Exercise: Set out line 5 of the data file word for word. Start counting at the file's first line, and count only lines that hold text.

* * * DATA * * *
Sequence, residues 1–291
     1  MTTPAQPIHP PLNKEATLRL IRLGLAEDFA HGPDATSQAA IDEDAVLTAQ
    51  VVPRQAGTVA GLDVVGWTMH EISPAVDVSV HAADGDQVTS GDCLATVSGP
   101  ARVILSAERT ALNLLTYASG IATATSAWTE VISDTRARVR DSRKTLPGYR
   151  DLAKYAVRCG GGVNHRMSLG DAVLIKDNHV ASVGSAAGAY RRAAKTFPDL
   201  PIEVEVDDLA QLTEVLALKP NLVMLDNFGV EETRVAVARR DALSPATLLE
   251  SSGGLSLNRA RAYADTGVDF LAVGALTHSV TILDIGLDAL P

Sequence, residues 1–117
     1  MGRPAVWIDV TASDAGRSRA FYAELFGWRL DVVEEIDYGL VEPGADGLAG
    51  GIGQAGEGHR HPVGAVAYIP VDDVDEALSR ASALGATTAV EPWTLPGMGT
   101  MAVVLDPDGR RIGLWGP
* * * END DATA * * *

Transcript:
   151  DLAKYAVRCG GGVNHRMSLG DAVLIKDNHV ASVGSAAGAY RRAAKTFPDL